CT&D #77. Documentary Production: Analyzing a Graduate Thesis

Below is my analysis on a sample thesis abstract by a college student covering social media misuse (no link is available to view it however):

Having read through this abstract, I immediately identified the student’s thesis statement. The thesis can be paraphrased as the issue of social media not being properly utilized by businesses and organizations for legitimate statistical purposes to further profits.

Some of the side questions that the abstract raises include:

  • What are the barriers of social media that prevents it from becoming sought after as a tool?
  • What stigma or why is there such associated with social media that makes it the target of “superficial” and / or “token” use? and
  • What specific information is being kept away from the public through social media that is preventing businesses from gaining a foothold on a market?

If this student was my thesis partner, I would utilize my concentration as a digital media student to produce a documentary on this matter. Given the amount of educating the student intends to show about social media use / misuse in the corporate world, it would make sense to conduct interviews with the people who decide what aspects of it make the cut and what doesn’t pass during the course of a company’s daily / weekly workflow. This and gathering why attitudes towards it are perceived as risky with a juxtaposition of interviews supporting the opposite viewpoint needs to be emphasized: social media strategists especially (or those who specialize in marketing, online branding, blogging) if present in a business would effectively communicate their personal and professional stances on social media business use and ideas for such to help argue a case in favor of the student (and perhaps against amongst some who oppose it outright).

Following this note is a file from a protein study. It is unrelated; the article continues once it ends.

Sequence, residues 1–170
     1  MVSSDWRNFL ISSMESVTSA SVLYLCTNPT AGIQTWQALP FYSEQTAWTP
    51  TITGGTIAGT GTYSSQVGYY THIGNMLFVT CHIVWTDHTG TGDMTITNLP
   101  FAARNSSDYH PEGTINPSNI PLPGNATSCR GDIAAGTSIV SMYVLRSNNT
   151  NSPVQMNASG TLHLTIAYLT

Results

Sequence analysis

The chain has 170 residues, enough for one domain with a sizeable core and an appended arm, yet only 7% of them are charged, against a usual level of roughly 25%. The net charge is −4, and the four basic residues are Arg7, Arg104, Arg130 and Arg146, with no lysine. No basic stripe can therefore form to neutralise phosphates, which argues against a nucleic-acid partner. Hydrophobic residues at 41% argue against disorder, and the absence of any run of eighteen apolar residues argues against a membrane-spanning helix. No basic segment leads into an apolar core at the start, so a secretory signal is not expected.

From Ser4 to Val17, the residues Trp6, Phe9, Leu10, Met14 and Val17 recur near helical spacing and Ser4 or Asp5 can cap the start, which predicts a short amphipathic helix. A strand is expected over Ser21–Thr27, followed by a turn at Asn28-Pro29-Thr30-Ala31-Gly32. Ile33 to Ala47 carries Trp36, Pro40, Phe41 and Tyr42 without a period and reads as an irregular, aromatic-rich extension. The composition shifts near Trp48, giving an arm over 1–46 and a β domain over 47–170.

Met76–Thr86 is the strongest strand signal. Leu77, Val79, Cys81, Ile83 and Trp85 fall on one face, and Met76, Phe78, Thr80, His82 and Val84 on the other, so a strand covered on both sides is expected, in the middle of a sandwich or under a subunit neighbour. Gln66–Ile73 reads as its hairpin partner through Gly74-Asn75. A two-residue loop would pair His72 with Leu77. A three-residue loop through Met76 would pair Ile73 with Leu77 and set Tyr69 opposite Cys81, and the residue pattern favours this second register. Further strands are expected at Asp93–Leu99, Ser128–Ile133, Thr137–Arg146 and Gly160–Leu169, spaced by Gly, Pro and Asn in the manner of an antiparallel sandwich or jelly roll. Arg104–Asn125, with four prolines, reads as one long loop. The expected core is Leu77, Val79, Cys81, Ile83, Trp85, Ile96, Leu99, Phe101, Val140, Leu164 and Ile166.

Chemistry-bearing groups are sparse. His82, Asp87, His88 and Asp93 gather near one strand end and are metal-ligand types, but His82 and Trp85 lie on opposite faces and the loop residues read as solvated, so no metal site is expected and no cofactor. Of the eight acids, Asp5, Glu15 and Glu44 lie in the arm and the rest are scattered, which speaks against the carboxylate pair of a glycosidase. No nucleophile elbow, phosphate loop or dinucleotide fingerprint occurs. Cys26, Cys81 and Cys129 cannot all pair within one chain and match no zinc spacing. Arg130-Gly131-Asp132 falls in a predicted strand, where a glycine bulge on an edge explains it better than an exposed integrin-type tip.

As my concentration is in digital video production, I can definitely envision an idea for producing this thesis by having a faux marketing campaign be done to spur public interest in gathering information on social media to help in part answer the questions raised in the bullet points.

One such way could be filming the behavior of various online participants visiting sites such as Facebook and Twitter; there, the users would be shown posts (generated and branded by the student) covering sports, politics, bizarre stories, etc. The total number of posts for each would be then evaluated, as well as the time spent consuming information, and looked at as evidence for how social media encourages the consumption and spreading of news altogether through commenting in a targeted community, big or small, and local or not.

A second method could have the student create fake ads (as graphics and even videos) and have them posted to the aforementioned social media sites through various iterations: a different image for each accompanied by a different tagline (or #hashtag) on a fake social media page. The resulting response should indicate whether or not the “proposed product” (not a real one, as it would be hard to pull off “advertising” for) receives positive, negative, very little or a lot of attention. Resulting from this experiment, businesses should be swayed one way or another to take a look at the power of marketing and creating content online for an audience via a social media platform. Plus, with this and the above example, participants can be questioned about how effective an ad or particular post was in capturing interest, however successful or not they were.

Finally, a third method could involve producing a series of videos featuring an entertainer who’s aim is to present mainstream or niche information and perform it in a specific and engaging manner (to the extent that it would go viral). The goal here would be to further show the usefulness of exposure in branding and building a dedicated following through social media with just small production team. This should startle and encourage larger-scale companies to follow suit in using social media platforms (such as YouTube and Vimeo) to strengthen their brands perhaps via quirky advertising, let alone advertising at all online through Internet Television.

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